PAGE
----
Turning off the internet

To make a point. I hope everyone does it:

If Wikipedia Jimmy Wales’ threat to turn off the crowd-sourced encyclopedia to protest the Stop Internet Piracy Act (SOPA) sent you into a cold sweat, you won’t welcome this news.

Google, Facebook, Twitter, Foursquare, Zynga — and oh sweet baby Jesus no! — Etsy, along with other Internet-based companies take a “nuclear option” and “go simultaneously dark” in protest of the bill, and to “highlight the fundamental danger the legislation poses to the function of the Internet,” ExtremeTech reports:

There’s been no formal decision on the matter, and the companies in question obviously risk consumer anger and backlash over any suspension of services. There is, however, safety in numbers — and a few simple sentences identifying why the blackout is in place will ensure that the majority of the rage flows in the proper direction.

SOPA, which the U.S. House Judiciary Committee is set to review later this month, makes the streaming of unauthorized content a felony. Further, the “vague language would create devastating new tools for silencing legitimate speech all around the Web,” warns the Electronic Frontier Foundation. It’s a concern shared by free speech and digital rights activists, as well as many major Internet-based companies.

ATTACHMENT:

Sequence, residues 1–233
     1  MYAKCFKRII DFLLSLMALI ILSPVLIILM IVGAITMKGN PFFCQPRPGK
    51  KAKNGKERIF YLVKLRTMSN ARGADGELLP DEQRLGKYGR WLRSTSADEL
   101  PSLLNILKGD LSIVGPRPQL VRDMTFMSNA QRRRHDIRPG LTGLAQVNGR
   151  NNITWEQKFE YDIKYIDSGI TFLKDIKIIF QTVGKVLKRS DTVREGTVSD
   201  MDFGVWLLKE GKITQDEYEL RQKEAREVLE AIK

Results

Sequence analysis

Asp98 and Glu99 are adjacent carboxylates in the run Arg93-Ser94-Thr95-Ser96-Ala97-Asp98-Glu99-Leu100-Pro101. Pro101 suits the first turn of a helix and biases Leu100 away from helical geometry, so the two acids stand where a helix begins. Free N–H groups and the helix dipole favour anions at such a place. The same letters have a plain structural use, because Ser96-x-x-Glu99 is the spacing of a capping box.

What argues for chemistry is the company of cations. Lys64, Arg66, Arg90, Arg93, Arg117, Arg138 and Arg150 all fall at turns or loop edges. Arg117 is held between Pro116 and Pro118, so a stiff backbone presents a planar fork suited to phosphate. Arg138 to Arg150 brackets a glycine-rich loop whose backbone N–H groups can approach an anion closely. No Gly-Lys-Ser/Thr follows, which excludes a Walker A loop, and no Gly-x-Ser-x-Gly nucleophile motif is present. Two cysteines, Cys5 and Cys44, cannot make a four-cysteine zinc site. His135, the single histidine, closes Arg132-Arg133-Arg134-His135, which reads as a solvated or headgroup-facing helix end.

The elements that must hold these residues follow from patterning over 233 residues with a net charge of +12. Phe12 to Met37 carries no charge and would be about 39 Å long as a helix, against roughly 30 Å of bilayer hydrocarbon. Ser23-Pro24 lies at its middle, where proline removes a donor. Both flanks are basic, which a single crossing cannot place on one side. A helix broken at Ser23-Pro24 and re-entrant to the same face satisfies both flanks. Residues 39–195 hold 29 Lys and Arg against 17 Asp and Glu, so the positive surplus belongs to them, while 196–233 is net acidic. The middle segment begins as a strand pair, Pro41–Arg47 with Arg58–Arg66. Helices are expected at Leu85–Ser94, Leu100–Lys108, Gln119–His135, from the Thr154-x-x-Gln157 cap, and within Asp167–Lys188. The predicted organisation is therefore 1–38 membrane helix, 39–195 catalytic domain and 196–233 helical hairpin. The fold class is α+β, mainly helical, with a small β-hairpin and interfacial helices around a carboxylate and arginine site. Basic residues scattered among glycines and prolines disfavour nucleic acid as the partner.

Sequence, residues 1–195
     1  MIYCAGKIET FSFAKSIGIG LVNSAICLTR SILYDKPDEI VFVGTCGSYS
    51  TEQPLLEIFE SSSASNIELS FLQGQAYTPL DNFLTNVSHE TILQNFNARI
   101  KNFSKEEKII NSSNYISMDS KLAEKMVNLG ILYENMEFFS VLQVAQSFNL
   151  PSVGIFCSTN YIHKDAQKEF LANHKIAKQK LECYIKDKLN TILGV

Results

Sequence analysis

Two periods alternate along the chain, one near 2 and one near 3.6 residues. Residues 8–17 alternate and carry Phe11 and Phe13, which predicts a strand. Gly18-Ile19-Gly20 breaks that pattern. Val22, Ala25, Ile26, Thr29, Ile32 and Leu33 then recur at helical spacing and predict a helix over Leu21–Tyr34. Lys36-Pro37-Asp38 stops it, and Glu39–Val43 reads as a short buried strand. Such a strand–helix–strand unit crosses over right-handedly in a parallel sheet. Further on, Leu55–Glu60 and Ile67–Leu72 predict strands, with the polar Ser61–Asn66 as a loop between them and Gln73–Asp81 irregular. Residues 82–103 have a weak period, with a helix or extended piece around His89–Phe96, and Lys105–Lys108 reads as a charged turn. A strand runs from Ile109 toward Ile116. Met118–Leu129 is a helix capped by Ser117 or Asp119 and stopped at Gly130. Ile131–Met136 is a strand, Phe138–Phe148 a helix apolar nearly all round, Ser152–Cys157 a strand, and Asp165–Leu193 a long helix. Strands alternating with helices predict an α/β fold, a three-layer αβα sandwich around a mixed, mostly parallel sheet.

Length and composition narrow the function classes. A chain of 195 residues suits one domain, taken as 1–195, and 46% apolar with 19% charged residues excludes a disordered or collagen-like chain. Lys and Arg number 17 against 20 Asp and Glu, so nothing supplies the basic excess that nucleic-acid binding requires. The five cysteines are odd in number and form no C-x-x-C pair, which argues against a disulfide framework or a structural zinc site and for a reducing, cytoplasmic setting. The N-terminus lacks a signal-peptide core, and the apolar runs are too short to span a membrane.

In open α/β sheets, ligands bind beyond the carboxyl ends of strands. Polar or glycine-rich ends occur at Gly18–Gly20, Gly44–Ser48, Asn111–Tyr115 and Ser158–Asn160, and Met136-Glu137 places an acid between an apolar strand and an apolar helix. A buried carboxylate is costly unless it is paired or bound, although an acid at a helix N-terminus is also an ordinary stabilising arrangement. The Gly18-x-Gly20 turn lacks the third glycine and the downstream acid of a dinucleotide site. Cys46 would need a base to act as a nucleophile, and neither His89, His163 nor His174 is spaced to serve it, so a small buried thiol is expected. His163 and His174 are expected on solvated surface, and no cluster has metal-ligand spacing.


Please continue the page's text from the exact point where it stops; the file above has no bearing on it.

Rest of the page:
Protests against SOPA went mainstream in December when members of the Reddit community organized a protest against Web-hosting giant Go Daddy for its initial SOPA support. More than 37,000 domains were transferred as part of the “Dump Go Daddy” protest, leading the company to make a solid statement opposing SOPA.
In anticipation of the hearing, Wikipedia founder Jimmy Wales conducted a straw poll recently to gauge Wikipedian interest in a community strike — a blackout of either the U.S. Wikipedia pages, or even the entire site. At that time, 87 percent of respondents were in favor of a strike.
Now, as part of the NetCoalition trade association, these companies are joining Wikipedia’s Wikimedia Foundation in a possible Internet blackout:


As ExtremeTech reports, there are no concrete plans for implementing the “nuclear option,” but the most likely date for such a blackout is Jan. 23, the day before the Senate is scheduled to debate SOPA.

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